Capitalism through Five Ghosts

I want to examine the current capitalist moment in Aotearoa, and make connection to global capitalism through an interrogation of five silences. Silences have been something of a theoretical and personal preoccupation of mine, I’m used to noticing them. I’m particularly interested in those moments when words get proffered to detract or cover over what does not get said; in the mechanisms of maintaining things as they are. I’m going to shift between silences that are very personal, and some that speak to particular political decisions, and I’m making the case that these silences are deeply related.

The first ghost is an administrative silence. A lack of communication. A lack of money.

I check my bank balance and WINZ have paid me $150, lower than usual, and so I don’t have enough to pay rent. Not paying rent is the feeling of being plunged into the Under. I feel panicky, my heart beats loud in my chest. I can’t decide on a course of action. In the kitchen, filling our red kettle and waiting for it to boil, I realise my flatmate Kev has asked me a question and I have no idea what he has said. I say something stilted, I know I’m looking at the floor but I can’t chat as normal. I can’t meet his eyes. I am ashamed, and the shame muddles me. Yes, I probably feel shame as naturally as a fish breathes through its gills, but still, here I am. Something is exploding in my brain and all I can do is start running through the Under.

I don’t have any notification or email or anything telling me why I haven’t been paid my usual benefit amount. I deduce that, possibly, the three-monthly medical form my doctor fills out has run out. I waver about whether to make a doctor’s appointment. My doctor’s appointments cost $58. My doctor is lovely, knows all my messy, painful mental health details, so seeing a cheaper doctor doesn’t feel doable. The rational action to take would be to call WINZ before making a doctor’s appointment. I couldn’t. Last time I called, I was on hold for over an hour, before talking to someone who was unable to help. My nerves fail me. I don’t call WINZ. I don’t make a doctor’s appointment. I don’t pay rent. I take my dog Lucy for a walk.

The second ghost, a small silence, a long pause.

Finally I pay $26 of an outstanding doctor’s bill so that I can go to the doctor to get my medical exemption filled out. My doctor is supportive of me getting support from WINZ. Still – even in the very best of circumstances – it is a very awkward conversation.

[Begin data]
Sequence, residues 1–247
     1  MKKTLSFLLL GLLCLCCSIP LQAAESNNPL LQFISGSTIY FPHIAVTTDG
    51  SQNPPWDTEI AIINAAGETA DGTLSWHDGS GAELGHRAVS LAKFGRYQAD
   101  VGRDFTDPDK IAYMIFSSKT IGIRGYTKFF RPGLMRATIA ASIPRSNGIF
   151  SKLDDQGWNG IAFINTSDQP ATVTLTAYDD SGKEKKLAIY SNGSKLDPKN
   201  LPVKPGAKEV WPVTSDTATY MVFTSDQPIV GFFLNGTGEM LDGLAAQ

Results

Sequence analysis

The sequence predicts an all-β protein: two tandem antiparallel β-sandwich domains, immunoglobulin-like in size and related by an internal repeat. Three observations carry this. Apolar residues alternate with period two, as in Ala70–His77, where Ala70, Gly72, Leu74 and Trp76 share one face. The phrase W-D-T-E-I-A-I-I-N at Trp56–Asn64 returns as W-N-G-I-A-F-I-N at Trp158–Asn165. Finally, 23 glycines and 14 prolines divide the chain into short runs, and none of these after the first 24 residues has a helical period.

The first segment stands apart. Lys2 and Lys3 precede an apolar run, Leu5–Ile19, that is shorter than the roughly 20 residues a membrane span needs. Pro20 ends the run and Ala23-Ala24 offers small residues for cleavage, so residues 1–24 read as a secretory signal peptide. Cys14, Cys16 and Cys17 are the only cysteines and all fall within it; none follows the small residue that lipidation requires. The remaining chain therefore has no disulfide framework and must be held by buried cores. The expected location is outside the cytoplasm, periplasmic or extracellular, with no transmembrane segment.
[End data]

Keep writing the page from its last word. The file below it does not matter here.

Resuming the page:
“So last time you said you were doing some writing,” she said. She has shiny, warm blonde hair in a slick bob. She is wearing a stylish black-and-white dress. Outside the villa windows, I notice the perfectly manicured buxus hedge, and pale daffodils.

“Yes,” I said, “Yes, I’m still doing some writing.”

“So, no paid work at present?”

There it is: the second ghost, a small silence, a long pause.

“No, not at present.” My hands in my lap are trembling.

“You’re still going to psychotherapy?”

“Yes, I’m still going to therapy.”

This small ghost is the silence borne from awkwardness. It is entirely my own, my own shame and deep instinctual desire to shift my answers to what would be less shaming, like, “No, no, I’m fine, I’ve got an interview next week,” an urge to appease that I have to fight against, even when obviously, my doctor wants me to be able to get help from WINZ. It’s the same instinct that has gotten me into trouble at WINZ appointments, where I always end up sounding far too well.

But this small, second ghost is also connected to the shame of how long it is taking me to get well. I’ve struggled with severe depression and anxiety most of my life. It’s terrible to have painful things you need to recover from, and then reprimand yourself for not recovering from them faster. I get caught up in ruminating about whether I could do more to get well. Sometimes my rumination takes an angry turn and I think about how I’ve spent my whole adult life switching between antidepressants, with only brief periods of not being depressed. I think about how other people experience trauma but are more resilient than me – I haven’t been able to shake it off. If you really want to explore self-loathing, blaming yourself for your own lack of resilience is a good landing place.